Everyone has weaknesses, so saying you don’t have any will make it look like you think too highly of yourself. Statements like “I work too hard” are not a good response, as this is effectively a strength dressed up as a weakness. Instead, think about what you do to address the weaknesses you know you have. For example: “I tend to lose focus at times a bit but I have found that keeping a to-do list or taking a break for a few minutes really helps me concentrate better on my tasks.”

However, you don’t want to be too hard on yourself either. The employer is looking for an objective assessment that will give them an idea about your suitability for the role and ability to thrive in their working environment.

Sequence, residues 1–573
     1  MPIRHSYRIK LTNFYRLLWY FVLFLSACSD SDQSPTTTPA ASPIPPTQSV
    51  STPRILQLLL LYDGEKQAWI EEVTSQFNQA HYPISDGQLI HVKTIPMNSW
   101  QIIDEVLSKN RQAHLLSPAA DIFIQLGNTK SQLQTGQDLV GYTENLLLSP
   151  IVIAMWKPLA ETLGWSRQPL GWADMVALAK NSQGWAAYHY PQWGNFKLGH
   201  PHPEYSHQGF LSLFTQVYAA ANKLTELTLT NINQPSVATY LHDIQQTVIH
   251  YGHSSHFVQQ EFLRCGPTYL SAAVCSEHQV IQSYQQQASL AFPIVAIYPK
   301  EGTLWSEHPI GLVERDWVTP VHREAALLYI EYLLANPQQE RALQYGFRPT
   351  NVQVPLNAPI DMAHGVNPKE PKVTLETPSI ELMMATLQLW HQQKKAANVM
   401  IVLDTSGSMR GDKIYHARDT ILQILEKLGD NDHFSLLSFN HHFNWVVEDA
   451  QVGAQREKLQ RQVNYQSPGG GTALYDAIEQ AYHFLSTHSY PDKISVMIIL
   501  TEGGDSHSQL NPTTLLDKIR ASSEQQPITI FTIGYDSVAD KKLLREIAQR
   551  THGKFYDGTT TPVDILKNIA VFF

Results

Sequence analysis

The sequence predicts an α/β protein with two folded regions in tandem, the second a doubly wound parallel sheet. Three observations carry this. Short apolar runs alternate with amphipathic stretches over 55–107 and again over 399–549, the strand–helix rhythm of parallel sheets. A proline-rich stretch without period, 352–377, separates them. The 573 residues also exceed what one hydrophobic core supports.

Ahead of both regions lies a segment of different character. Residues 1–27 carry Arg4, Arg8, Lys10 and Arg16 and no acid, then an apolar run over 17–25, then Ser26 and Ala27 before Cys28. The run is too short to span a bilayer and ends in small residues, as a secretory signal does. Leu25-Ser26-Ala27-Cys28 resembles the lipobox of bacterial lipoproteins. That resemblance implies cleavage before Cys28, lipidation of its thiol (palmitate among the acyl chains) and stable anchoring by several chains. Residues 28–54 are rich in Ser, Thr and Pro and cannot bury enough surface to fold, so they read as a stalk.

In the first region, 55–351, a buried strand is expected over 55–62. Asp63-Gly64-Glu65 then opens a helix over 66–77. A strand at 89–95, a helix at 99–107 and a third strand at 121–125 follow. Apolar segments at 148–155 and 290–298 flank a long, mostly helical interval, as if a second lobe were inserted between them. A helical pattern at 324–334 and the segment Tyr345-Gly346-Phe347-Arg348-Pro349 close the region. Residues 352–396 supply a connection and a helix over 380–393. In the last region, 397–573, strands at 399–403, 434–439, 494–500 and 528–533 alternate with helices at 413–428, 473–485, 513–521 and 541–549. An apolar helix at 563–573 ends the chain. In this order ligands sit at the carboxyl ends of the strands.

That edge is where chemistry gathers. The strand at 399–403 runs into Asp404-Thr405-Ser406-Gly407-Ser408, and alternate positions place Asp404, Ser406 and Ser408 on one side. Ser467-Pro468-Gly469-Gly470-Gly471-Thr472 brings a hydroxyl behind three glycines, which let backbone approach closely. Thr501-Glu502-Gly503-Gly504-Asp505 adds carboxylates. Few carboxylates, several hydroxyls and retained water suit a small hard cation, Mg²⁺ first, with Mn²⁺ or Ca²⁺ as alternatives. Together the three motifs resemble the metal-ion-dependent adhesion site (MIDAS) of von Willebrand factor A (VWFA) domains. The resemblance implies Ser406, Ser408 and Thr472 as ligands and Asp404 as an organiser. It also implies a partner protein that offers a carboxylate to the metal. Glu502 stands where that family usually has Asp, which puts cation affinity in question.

Top tip: When you’re talking about your strengths, put them into context and talk about the results: “I am a real people person, and because of that in my current job I was promoted from working in the stockroom to dealing with customers.”

Employers will want to get a sense of how you tackle challenges and whether you understand how to achieve success. The best way to convey this is to use the STAR approach:

  1. Situation – briefly describe the situation you were in
  2. Task – explain what was expected of you
  3. Action – outline what action(s) you took and why
  4. Result – summarise the results of your action and what you learnt from process

Using the method above you should be able to give clear examples.

Top tip: Have a think about some big successes and challenges and practise how you would describe them using the STAR method with friends or family.